"In 1949, to face Hollywood’s power and to boost its movie industry, France implemented a law which required a foreign movie to be dubbed in studios located in France in order to be released,” wrote filmmaker Thierry Le Nouvel in the book Le Doublage et ses métiers (Dubbing and its jobs) in 2007. 

For decades, watching a movie in its original language was impossible in France.

“Over the years, our country became an expert with a unique savoir-faire, with the use of the rhythm band, which can be considered as ‘the expression of a real cultural exception’,” Le Nouvel wrote. 

English skills at fault?

One reason the French still prefer dubbing today is linked to France's relatively weak English skills. According to the EF English Proficiency Index, France ranked 23rd out of the 33 European countries included in 2019.

Charlotte, 31, who used to watch her movies in French, recently decided to switch to original versions. “I realised that I was missing the emotions and that I wasn’t getting as much into the movie with the French versions,” she told The Local.

“I always watch a foreign programme in French and when it hasn’t been dubbed I watch it with subtitles,” Melina, 25, told The Local.

"I am not fluent enough in English to watch shows exclusively in English and it may be lame, but we don’t all have the chance to speak fluent English," she said.

A 2007 study showed that a programme aired with subtitles could result in a 30 percent decrease in audience numbers.

But even if someone's English is good enough, many French people still prefer to watch programmes in their mother tongue rather than in the original language.

“Some watch a programme in the original language because they think it’s cooler, but honestly watching it in French allows me to really look at the images instead of watching the subtitles, and to better immerse myself in the movie’s atmosphere,” Raphaël, 35, told The Local.

Paris vs. Regions

For years now, there has been a strong divide in France between those promoting movies in their original language and others promoting films dubbed in French.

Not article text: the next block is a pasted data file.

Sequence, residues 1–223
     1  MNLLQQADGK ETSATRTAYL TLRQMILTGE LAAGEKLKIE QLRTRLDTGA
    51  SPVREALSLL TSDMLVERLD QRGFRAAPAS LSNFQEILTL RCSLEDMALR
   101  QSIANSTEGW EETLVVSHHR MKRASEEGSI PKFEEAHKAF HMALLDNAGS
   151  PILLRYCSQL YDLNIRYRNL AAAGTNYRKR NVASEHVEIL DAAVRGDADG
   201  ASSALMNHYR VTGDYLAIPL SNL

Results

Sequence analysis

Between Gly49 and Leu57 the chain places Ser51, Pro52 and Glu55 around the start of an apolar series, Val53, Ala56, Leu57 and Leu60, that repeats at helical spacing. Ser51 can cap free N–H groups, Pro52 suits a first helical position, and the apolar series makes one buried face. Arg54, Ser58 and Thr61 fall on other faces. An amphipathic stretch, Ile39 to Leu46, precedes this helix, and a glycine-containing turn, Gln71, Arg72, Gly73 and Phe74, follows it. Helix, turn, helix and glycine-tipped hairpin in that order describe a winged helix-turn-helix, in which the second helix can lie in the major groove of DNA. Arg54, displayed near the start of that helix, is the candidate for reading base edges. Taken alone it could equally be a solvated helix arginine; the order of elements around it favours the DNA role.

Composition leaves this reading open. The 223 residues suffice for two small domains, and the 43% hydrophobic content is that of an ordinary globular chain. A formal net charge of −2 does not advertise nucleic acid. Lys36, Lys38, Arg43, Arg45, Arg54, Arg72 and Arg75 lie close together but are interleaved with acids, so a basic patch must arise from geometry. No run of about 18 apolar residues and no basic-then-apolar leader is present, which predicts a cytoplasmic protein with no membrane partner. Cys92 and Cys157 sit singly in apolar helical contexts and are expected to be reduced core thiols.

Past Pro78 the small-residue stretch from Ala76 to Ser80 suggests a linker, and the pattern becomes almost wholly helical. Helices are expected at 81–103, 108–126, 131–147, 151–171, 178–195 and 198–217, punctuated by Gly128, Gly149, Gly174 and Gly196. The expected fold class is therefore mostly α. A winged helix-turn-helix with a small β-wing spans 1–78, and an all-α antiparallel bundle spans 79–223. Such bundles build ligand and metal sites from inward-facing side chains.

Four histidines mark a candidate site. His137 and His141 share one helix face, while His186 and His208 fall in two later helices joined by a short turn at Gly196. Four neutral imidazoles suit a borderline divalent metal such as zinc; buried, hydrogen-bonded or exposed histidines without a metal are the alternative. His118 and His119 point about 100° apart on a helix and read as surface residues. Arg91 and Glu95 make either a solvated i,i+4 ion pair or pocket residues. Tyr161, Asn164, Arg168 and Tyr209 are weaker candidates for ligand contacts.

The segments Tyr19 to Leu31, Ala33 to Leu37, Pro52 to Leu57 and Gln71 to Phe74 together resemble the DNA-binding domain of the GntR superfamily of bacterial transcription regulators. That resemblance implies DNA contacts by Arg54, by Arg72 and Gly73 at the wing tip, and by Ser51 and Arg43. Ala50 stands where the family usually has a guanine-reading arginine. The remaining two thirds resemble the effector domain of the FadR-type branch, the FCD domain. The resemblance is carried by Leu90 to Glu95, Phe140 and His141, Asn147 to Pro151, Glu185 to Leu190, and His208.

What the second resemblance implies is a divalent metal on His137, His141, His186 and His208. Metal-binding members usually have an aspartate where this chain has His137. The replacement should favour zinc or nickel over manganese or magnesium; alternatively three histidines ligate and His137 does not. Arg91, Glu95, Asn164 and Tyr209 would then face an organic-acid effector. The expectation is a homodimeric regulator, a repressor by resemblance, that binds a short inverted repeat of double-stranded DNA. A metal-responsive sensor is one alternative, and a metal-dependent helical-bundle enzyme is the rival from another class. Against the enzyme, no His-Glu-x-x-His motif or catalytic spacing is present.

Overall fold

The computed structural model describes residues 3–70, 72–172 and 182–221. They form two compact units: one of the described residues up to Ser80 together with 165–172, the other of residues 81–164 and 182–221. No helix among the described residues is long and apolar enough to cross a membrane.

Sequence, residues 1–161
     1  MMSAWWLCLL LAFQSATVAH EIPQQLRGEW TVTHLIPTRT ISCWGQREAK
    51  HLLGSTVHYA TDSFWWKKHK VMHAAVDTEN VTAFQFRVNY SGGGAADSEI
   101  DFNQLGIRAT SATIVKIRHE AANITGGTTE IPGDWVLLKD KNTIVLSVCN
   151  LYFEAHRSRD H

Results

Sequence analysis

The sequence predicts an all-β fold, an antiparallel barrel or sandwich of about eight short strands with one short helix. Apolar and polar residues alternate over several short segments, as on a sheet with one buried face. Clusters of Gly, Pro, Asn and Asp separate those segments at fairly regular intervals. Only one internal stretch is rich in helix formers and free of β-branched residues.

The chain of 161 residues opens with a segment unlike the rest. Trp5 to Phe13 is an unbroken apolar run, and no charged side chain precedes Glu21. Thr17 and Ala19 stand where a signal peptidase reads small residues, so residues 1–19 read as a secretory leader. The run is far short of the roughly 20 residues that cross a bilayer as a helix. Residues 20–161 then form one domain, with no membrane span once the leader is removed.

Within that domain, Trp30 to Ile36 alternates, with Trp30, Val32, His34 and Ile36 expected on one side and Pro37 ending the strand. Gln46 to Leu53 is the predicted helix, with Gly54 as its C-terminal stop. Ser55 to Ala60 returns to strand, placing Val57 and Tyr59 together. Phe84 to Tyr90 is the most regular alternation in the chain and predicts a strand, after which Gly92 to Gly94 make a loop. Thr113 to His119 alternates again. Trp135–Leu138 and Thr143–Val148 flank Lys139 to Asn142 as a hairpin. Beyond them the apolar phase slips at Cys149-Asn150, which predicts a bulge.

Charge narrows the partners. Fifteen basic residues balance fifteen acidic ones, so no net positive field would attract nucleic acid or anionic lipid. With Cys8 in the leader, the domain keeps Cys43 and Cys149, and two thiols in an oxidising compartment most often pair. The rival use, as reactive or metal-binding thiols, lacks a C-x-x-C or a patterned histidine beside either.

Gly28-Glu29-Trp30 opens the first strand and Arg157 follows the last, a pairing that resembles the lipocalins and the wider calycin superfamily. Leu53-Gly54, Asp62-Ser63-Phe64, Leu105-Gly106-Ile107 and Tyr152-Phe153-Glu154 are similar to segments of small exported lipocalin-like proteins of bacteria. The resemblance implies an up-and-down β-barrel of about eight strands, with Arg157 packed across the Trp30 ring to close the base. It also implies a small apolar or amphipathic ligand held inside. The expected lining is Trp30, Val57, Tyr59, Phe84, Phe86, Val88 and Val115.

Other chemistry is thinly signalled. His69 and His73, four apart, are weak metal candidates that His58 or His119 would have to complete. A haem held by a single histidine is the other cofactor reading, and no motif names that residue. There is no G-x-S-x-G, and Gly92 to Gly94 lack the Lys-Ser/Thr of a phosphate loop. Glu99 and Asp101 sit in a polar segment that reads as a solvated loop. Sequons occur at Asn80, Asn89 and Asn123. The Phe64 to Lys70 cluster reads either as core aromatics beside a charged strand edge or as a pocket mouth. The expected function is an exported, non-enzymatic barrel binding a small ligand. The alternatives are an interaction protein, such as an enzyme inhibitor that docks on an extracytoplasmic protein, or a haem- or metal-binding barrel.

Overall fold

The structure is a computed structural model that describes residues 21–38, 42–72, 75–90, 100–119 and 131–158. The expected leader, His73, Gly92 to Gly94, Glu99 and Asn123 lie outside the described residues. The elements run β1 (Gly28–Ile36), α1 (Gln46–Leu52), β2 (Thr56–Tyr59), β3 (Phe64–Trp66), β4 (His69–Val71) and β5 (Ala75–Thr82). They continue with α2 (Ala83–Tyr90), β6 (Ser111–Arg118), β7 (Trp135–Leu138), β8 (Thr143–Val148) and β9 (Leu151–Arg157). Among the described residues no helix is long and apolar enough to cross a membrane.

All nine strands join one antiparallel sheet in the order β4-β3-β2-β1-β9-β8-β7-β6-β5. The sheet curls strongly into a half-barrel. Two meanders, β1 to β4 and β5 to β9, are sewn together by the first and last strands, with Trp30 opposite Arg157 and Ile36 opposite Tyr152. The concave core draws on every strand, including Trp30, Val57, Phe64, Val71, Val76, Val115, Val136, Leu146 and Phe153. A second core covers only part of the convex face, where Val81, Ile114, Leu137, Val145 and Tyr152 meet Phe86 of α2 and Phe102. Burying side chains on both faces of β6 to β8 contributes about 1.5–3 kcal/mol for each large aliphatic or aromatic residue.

In fact, people who watch a film dubbed in French are often considered as being lazy because they don’t want to read the subtitles or listen to a foreign language, while people who prefer movies in their original language consider subtitles or dubbing as being un-artistic.


“In the 1930s, it was really difficult to watch subtitled movies outside of Paris, because of an official regulation which drastically limited the number of movie theatres that could show subtitled versions,” according to French audiovisual translator Jean-François Cornu in La Revue des médias.

“This is why films dubbed in French have long been associated with the regional public, while films in their original language are supposedly meant for people living in Paris or in important French cities,” wrote Cornu.   

Today this situation still lives on with a clear predominance of films in their original language in Paris, while the split between those in favour and against the French language versions remains strong. 

“People who say watching a movie dubbed in French is cheesy are snobs,” said Panetto. "This amounts to trashing any foreign art that is translated.

“People think reading a text on a rhythm band is easy but in fact voice artists are real actors, who often play in theatres or do voice over,” he added.

“Some people are really attached to the voices, there is an intimate relationship with the voice,” Panetto told The Local. 

By Olivia Sorrel Dejerine  

French vocab

If you want to know whether the film at the cinema will be dubbed or subtitled, it's all in the acronyms.

If you're watching a foreign film, its listing will include either VF, VSOT or VO.

VF - Version française - this film will be dubbed into French

VSOT - Version Originale Sous-Titrée - the screening has the original soundtrack and (French) subtitles.

VO - Version Originale - in its original language with no French subtitles